Judicial review granted over Downe A&E closure
Campaigners have won the right at the High Court to challenge the closure of 24-hour accident and emergency services at the Downe Hospital.
A judge has granted leave to seek a judicial review of the health minister's decision to restrict the casualty care at the hospital.
The accident and emergency unit was closed overnight from April, less than two years after the hospital opened.
GPs have provided out-of-hours cover at the £64m facilities in Downpatrick.
The attempt to have the decision reversed has been taken in the name of John Duggan, a former chairman of the hospital support group, with the backing of Down District Council.
His barrister, David Scoffield, argued that there had been a recognition by the Department of Health that 24-hour A&E services were needed for the local rural population.
He told the court the decision in February to close the department at night was taken just over a year after the hospital opened in 2009.
"This is a matter of grave concern to many who live in the area, particularly those in ill-health, such as the applicant," Mr Scoffield said.
"The decision to build a new hospital at vast public expenditure and then immediately undermine it... is irrational."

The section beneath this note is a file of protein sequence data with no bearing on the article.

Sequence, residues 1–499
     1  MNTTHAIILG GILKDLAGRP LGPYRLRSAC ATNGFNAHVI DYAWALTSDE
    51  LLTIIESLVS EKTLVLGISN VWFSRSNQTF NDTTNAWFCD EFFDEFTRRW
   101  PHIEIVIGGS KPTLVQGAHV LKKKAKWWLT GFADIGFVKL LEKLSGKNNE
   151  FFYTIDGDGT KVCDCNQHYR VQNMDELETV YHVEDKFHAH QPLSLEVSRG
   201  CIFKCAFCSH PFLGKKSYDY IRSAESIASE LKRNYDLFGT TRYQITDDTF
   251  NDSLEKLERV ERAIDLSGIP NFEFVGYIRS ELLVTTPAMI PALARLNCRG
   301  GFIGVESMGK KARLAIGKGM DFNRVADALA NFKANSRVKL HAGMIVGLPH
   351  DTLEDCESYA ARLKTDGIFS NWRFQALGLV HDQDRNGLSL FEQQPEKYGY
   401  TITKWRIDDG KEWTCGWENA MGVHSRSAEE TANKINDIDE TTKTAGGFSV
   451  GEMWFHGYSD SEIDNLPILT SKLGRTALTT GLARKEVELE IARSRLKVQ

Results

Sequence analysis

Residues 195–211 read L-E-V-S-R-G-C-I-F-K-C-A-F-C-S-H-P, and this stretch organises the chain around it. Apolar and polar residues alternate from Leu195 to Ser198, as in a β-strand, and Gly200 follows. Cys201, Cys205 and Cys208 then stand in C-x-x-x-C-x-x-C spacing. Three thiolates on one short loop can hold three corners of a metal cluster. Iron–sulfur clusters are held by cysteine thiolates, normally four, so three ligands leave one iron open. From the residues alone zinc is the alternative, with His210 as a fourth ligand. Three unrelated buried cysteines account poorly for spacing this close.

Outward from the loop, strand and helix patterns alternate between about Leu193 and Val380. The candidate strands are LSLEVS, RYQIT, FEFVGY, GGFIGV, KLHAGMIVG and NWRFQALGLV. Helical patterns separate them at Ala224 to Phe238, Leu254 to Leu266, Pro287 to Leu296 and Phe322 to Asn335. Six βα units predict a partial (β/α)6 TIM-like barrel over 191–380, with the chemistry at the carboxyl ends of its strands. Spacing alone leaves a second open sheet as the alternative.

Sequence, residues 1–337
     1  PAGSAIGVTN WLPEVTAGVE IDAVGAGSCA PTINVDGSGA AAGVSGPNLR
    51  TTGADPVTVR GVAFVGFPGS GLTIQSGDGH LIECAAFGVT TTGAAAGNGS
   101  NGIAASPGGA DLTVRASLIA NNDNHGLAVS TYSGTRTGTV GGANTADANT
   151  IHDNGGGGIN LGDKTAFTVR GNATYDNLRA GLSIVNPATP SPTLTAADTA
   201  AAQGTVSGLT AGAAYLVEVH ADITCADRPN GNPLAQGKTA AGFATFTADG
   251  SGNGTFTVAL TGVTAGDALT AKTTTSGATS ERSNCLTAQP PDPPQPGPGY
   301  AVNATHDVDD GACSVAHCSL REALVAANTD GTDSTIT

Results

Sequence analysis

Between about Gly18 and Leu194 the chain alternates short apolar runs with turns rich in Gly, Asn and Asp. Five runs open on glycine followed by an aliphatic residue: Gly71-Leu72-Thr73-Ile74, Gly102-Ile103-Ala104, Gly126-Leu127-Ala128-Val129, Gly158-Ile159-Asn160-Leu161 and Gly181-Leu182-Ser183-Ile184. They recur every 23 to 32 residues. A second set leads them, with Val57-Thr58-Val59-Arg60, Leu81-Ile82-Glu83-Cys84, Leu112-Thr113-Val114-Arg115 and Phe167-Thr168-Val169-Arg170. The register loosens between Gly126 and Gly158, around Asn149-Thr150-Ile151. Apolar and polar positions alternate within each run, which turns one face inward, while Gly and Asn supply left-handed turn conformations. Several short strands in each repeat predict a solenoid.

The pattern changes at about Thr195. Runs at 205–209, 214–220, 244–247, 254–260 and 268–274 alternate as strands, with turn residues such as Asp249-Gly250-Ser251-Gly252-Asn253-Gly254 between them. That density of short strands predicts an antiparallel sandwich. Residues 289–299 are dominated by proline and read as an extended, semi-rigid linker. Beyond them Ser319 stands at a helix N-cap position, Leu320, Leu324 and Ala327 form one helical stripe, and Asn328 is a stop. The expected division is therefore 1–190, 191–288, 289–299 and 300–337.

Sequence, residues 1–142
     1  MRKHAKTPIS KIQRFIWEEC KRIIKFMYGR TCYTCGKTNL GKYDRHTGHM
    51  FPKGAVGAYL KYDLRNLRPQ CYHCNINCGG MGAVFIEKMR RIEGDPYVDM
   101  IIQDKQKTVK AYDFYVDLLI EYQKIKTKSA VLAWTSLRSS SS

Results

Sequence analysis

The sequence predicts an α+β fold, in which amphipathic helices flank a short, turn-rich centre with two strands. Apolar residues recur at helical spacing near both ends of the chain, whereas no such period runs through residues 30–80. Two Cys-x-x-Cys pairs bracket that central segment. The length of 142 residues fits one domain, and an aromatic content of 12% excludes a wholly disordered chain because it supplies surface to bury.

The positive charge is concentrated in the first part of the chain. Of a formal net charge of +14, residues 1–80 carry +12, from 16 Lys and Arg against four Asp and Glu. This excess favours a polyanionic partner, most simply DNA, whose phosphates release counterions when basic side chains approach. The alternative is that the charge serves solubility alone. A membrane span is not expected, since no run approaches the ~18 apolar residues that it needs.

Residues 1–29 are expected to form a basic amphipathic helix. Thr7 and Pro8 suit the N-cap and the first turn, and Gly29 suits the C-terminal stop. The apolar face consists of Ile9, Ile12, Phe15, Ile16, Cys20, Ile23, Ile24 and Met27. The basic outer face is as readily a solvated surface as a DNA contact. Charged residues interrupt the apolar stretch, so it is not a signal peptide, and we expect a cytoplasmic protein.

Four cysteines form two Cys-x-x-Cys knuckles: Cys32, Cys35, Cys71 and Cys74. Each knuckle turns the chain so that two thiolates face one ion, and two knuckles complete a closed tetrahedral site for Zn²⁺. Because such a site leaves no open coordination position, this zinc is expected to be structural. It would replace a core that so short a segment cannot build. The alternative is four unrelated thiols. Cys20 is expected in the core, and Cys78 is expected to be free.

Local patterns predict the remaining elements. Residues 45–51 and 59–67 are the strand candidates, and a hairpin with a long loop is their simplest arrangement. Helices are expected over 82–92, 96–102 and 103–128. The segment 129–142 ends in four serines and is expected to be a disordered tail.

The decision taken by the South Eastern Trust and approved by the minister was said to be necessary because of a shortage of middle-grade doctors.
Paul McLaughlin, responding for the department, told the court it was a problem affecting the provision of emergency services nationwide.
"The ultimate disaster for all hospitals is unplanned closures," he said.
Mr McLaughlin pointed out that this had happened twice at other Northern Ireland hospitals in the last 18 months.
"This is a problem driven by a lack of suitable, qualified doctors," he added.
"What the trust did was identify a very novel and perhaps unique solution to managing emergency care during night-time hours.
"The result of this is the unit actually remains open rather than closed."
However, Mr Justice Treacy granted leave to seek a judicial review after ruling that an arguable case had been established on all grounds of challenge.
The case has been listed for a two-day hearing in December.